U.S. Secretary of State Mike Pompeo maintains that various sectarian leaders in Iraq support the presence of U.S. forces in the country, despite public demands for them to leave.
While fielding questions from students at Stanford University in California on January 13, Pompeo said a "broad spectrum" of Sunni, Kurdish, and Shi’ite leaders backed U.S. counterterrorism efforts in Iraq.
"They won't all say so publicly, but privately, they all welcome the fact that America is still there executing its counterterror campaign...and providing an opportunity for the Iraqis to gain sovereignty and independence that most Iraqis want," Pompeo claimed regarding his phone conversations with around 50 Iraqi community leaders.
Iraq's parliament on January 5 adopted a resolution calling for foreign troops to leave the country in the wake of a U.S. air strike that killed a top military commander from Iran, whose influence in the country rivals that of the United States.
The Iraqi government "commits to revoke its request for assistance from the international coalition fighting [the Islamic State (IS) extremist group] due to the end of military operations in Iraq and the achievement of victory," the lawmakers said in the nonbinding resolution.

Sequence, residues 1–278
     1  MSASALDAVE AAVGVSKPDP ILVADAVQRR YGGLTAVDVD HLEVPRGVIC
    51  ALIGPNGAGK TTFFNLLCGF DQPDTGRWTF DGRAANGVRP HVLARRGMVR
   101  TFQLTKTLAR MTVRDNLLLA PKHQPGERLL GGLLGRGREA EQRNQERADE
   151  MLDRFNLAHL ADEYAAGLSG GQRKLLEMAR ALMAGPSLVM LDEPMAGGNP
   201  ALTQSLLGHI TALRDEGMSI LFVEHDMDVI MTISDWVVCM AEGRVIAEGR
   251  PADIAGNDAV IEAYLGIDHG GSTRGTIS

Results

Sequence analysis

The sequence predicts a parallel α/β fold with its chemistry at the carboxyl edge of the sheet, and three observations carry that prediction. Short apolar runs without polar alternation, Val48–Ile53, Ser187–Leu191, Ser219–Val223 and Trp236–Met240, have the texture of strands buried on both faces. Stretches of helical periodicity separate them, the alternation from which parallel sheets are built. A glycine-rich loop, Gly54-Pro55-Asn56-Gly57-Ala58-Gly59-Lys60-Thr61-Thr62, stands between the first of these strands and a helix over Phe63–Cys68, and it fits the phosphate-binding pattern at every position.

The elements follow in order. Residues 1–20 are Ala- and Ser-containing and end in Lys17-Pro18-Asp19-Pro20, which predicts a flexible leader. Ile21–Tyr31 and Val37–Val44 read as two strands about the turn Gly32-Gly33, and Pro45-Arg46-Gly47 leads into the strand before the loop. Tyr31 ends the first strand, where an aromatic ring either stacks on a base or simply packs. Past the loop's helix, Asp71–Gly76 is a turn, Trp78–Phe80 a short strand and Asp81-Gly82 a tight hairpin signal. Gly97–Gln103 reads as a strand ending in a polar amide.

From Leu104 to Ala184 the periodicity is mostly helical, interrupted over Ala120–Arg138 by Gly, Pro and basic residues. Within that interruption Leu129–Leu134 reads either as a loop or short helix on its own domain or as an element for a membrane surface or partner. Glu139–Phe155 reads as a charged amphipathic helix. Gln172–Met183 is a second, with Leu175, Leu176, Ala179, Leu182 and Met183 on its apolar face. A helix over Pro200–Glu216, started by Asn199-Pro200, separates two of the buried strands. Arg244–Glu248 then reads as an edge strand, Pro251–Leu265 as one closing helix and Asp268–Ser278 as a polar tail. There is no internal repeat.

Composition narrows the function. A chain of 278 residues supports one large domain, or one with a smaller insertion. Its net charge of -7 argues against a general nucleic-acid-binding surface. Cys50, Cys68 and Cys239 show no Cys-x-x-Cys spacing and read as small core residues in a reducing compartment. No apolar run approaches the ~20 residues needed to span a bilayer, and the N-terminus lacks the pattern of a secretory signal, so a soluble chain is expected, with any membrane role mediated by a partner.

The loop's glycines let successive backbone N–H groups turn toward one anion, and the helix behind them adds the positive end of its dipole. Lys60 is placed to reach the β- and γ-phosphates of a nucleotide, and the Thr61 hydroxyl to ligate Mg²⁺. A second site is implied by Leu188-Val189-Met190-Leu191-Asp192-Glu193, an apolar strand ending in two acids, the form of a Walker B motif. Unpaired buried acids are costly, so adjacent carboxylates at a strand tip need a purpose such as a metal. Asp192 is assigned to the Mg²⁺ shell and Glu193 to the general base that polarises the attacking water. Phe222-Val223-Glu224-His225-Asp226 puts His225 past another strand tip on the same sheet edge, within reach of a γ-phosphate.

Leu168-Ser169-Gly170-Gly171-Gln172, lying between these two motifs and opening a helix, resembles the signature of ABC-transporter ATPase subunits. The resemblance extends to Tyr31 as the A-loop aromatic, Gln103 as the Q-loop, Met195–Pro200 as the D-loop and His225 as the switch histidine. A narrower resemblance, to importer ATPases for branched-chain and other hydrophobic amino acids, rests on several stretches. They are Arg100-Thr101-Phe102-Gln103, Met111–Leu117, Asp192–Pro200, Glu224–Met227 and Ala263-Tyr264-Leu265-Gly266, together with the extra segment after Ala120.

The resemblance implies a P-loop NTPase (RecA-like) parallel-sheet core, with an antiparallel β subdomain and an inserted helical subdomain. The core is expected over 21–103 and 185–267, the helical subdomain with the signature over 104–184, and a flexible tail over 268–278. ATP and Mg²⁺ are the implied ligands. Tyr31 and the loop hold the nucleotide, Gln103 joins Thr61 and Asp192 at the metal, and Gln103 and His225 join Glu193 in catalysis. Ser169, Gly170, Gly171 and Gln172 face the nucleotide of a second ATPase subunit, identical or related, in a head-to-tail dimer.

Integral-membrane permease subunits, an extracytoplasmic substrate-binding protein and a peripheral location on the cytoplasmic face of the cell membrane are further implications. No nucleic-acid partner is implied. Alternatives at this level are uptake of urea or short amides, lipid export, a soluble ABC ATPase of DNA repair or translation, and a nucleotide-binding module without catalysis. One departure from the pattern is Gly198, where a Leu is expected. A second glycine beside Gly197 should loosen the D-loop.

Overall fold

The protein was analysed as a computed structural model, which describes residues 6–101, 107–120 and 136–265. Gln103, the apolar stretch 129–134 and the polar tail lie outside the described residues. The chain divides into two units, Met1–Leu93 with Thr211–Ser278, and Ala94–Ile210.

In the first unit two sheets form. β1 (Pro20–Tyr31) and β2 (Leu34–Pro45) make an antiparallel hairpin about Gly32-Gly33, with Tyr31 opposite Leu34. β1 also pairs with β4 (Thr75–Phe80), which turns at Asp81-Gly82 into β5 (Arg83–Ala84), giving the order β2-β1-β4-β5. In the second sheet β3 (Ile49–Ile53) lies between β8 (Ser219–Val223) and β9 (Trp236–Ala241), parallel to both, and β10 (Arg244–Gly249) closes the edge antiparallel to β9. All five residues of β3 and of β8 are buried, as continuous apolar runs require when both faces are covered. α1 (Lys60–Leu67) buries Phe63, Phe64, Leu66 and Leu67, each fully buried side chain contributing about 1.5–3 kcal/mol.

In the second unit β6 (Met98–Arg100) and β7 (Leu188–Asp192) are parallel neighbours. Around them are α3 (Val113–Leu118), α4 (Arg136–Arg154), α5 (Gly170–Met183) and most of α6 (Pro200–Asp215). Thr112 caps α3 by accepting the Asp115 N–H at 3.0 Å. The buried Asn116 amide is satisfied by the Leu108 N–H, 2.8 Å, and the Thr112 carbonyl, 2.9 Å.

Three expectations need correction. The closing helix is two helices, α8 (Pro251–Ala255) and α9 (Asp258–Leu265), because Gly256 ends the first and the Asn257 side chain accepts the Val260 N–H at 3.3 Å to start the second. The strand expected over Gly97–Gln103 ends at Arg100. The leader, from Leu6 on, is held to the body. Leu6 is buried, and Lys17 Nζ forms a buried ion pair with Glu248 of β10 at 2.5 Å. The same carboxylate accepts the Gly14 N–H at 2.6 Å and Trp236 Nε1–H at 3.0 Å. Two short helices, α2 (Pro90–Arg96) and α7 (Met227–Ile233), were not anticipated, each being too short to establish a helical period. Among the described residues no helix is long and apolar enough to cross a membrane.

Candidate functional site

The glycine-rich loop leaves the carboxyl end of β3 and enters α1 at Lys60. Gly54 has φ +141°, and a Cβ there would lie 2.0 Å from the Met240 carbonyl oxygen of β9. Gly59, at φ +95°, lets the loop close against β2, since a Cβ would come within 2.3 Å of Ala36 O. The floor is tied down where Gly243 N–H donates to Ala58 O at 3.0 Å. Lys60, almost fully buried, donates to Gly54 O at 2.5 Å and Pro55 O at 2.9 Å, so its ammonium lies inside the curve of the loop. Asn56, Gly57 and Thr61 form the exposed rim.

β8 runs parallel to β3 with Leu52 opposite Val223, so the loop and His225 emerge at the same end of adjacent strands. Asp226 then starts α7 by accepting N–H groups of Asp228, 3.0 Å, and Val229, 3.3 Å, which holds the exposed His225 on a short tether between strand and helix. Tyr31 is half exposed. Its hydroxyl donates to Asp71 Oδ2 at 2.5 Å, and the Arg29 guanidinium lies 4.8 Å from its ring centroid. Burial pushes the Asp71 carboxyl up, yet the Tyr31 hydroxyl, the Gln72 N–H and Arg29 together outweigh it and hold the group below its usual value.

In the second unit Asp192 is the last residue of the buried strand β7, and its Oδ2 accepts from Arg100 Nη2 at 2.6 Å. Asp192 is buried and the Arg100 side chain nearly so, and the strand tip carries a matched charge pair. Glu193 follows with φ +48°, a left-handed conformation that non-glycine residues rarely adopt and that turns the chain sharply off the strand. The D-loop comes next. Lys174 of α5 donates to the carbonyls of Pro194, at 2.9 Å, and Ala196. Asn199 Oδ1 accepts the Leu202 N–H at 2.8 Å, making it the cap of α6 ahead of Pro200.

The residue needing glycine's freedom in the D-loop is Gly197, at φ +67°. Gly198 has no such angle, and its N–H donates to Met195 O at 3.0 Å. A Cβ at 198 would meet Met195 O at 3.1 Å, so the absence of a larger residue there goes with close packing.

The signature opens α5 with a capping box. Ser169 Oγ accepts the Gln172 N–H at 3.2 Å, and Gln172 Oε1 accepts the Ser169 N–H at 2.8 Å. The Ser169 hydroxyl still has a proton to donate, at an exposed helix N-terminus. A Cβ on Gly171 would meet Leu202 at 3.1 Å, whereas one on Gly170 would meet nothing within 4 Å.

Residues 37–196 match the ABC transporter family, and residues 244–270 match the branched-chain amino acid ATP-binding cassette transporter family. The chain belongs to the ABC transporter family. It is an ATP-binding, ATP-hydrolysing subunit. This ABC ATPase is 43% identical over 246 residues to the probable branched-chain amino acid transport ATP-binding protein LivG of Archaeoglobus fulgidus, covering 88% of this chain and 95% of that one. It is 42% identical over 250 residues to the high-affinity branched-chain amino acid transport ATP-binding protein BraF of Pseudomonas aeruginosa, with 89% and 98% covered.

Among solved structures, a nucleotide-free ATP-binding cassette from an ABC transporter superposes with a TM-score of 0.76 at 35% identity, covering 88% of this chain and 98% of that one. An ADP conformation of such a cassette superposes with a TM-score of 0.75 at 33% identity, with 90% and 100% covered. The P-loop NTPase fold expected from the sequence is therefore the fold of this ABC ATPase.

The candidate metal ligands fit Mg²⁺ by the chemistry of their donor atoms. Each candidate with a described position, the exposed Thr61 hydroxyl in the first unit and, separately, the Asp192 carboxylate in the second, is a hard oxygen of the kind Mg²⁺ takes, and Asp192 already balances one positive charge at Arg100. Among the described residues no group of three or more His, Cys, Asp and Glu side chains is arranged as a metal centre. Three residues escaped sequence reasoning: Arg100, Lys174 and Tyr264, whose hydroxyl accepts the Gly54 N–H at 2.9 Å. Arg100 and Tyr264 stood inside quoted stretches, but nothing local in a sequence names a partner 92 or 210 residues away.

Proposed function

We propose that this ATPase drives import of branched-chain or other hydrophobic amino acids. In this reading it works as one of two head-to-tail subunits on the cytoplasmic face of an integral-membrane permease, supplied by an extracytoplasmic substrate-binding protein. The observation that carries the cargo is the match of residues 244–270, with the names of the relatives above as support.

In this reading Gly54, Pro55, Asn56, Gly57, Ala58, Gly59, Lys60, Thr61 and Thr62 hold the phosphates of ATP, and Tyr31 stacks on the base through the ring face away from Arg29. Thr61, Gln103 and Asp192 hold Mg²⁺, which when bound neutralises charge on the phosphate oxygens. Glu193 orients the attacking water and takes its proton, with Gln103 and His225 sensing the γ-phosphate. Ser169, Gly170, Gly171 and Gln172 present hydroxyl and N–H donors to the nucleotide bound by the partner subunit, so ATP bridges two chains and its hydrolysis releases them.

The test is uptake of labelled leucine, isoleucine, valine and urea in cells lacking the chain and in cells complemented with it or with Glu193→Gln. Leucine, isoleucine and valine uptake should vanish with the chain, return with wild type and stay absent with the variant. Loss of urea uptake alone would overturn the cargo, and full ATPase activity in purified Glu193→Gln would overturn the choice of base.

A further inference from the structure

A U.S. drone in Iraq on January 3 killed Qasem Soleimani, who commanded the Quds Force, the foreign arm of Iran's hard-line Islamic Revolutionary Guards Corps.
The killing marked a significant escalation between Iran and the United States, and angered Iraq's Shi'ite majority, which has religious ties with Iran.
The United States has some 5,000 military personnel in Iraq, mainly as advisers.
Pompeo also reiterated President Donald Trump's effort to reduce the United States' presence in the region while preserving U.S. interests.
"And I think we can achieve both of these goals -- reduce our footprint, reduce our risk, while still achieving the American objectives in the region, including in Iraq," he said.